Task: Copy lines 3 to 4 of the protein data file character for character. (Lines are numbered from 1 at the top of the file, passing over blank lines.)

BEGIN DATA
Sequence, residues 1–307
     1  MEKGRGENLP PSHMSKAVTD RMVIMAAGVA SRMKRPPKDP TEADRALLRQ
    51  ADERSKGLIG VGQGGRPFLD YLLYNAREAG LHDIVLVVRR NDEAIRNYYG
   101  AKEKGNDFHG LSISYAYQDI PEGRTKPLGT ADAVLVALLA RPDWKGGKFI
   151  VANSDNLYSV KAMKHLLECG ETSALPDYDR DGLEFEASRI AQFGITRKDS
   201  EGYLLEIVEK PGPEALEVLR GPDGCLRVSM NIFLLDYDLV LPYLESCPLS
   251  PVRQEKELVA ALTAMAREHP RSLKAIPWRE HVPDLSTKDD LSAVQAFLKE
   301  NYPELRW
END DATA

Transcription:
    51  ADERSKGLIG VGQGGRPFLD YLLYNAREAG LHDIVLVVRR NDEAIRNYYG
   101  AKEKGNDFHG LSISYAYQDI PEGRTKPLGT ADAVLVALLA RPDWKGGKFI